4. Writing generic functions using variants

In this chapter we show how to write generic functions that can work on different Variant as long as they fulfill some constraints.

4.1. The :< constraint constructor

The c :< cs constraint statically ensures that the type c is in the cs type list and that we can set and match it in a variant with type V cs. For example:

newtype Error = Error String

showError :: (Error :< cs) => V cs -> String
showError = \case
   V (Error s) -> "Found error: " ++ s
   _           -> "Not an Error!"

We check that showError works:

e0,e1 :: V '[String,Int,Error]
e0 = V (Error "invalid")
e1 = V @Int 10

> showError e0
"Found error: invalid"

> showError e1
"Not an Error!"

The same generic showError function works with variants of other types as well:

e2 :: V '[Float,String,Maybe Char,Error]
e2 = V (Error "Oups!")

e3 :: V '[Error]
e3 = V (Error "Outch!")

> showError e2
"Found error: Oups!"

> showError e3
"Found error: Outch!"

Note that to shorten a list of constraints such as (A :< xs, B :< xs, C :< xs) you can use the :<< operator: '[A,B,C] :<< xs.

4.2. The :<? constraint constructor and the VMaybe pattern

The c :< cs constraint statically ensures that the type c is in the cs type list. However in some cases we want to write generic functions that work on variants even if they can’t contain the given type.

For instance if we try to apply the showError function of the previous example on a variant that can’t contain a value of type Error, we get the following expected compile-time error:

e4 :: V '[String,Int]
e4 = V "valid"

> showError e4

<interactive>:45:1: error:
    • `Error' is not a member of '[String, Int]

Nevertheless we can write a showErrorMaybe that works on any variant even if it can’t contain an Error value by using the :<? constraint constructor and by matching with VMaybe as follows:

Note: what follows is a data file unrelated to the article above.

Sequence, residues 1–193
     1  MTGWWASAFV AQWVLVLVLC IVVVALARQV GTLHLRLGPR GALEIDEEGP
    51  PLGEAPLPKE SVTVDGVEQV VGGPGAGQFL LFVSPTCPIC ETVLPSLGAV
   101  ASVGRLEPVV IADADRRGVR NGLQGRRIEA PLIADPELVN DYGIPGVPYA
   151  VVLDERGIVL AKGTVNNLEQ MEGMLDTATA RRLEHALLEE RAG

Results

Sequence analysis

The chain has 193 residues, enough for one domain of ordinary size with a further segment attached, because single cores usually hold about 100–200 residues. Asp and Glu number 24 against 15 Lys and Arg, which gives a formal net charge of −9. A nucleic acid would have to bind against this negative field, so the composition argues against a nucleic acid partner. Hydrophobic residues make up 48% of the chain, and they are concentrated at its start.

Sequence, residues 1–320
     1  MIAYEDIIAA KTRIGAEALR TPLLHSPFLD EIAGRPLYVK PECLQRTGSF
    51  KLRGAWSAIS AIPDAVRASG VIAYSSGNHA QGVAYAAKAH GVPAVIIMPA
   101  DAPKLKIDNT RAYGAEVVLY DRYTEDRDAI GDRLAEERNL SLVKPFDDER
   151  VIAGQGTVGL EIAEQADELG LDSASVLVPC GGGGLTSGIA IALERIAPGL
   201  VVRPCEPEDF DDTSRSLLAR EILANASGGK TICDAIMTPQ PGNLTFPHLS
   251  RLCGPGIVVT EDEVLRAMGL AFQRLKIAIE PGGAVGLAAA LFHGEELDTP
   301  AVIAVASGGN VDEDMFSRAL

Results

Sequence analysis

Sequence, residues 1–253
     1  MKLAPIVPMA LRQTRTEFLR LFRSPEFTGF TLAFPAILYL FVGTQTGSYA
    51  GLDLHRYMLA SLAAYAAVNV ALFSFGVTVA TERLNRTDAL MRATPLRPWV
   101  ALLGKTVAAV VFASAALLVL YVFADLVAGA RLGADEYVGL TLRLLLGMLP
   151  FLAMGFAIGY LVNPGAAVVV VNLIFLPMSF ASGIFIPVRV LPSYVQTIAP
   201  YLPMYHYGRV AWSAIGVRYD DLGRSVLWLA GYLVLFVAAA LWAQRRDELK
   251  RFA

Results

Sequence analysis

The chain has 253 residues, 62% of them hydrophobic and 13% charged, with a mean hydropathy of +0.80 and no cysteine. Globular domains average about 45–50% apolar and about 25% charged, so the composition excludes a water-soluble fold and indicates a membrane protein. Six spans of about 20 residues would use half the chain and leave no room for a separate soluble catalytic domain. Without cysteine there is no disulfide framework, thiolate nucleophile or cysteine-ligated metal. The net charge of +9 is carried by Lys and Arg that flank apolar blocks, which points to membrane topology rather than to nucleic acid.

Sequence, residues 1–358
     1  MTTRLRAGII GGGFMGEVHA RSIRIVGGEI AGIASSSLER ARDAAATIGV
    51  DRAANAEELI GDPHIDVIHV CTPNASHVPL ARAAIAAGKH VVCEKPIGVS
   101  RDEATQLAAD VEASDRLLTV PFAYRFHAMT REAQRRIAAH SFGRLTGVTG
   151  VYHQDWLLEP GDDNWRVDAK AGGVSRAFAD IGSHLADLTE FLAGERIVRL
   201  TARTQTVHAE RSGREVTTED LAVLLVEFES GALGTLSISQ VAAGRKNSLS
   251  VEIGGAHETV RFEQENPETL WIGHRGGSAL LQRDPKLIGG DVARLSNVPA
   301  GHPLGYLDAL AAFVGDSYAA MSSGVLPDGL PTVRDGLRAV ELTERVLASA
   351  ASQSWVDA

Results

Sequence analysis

showErrorMaybe :: (Error :<? cs) => V cs -> String
showErrorMaybe = \case
   VMaybe (Error s) -> "Found error: " ++ s
   _                -> "Not an Error!"

> showErrorMaybe e0
"Found error: invalid"

> showErrorMaybe e1
"Not an Error!"

> showErrorMaybe e2
"Found error: Oups!"

> showErrorMaybe e3
"Found error: Outch!"

> showErrorMaybe e4
"Not an Error!"

Obviously this example is a bit contrived because we can easily see that e4 can’t contain an Error. However the same :<? constraint is also used to define some more interesting operations as shown below.

4.3. Shrinking variants: popVariant

A very common use of variants is to pattern match on a specific value type they can contain and to get a new variant containing the left-over value types. This is done with popVariant or popVariantMaybe and the Filter type family. For example:

filterError :: Error :<? cs => V cs -> V (Filter Error cs)
filterError v = case popVariantMaybe v of
   Right (Error s) -> error ("Found error: " ++ s)
   Left  v'        -> v' -- left-over variant!


> filterError e0
*** Exception: Found error: invalid
CallStack (from HasCallStack):
  error, called at Test.hs:61:23 in main:Main

> filterError e1
10

> :t e1
e1 :: V '[String, Int, Error]

> :t filterError e1
filterError e1 :: V '[String, Int]

> :t e2
e2 :: V '[Float, String, Maybe Char, Error]

> :t filterError e2
filterError e2 :: V '[Float, [Char], Maybe Char]

Notice how an Error value can’t be present anymore in the variant type returned by filterError and how this function is generic as it supports any variant as an input.

Similarly we could have used the Error <: cs constraint and the popVariant function to ensure that only variants that can contain an Error value can be passed to the filterError function.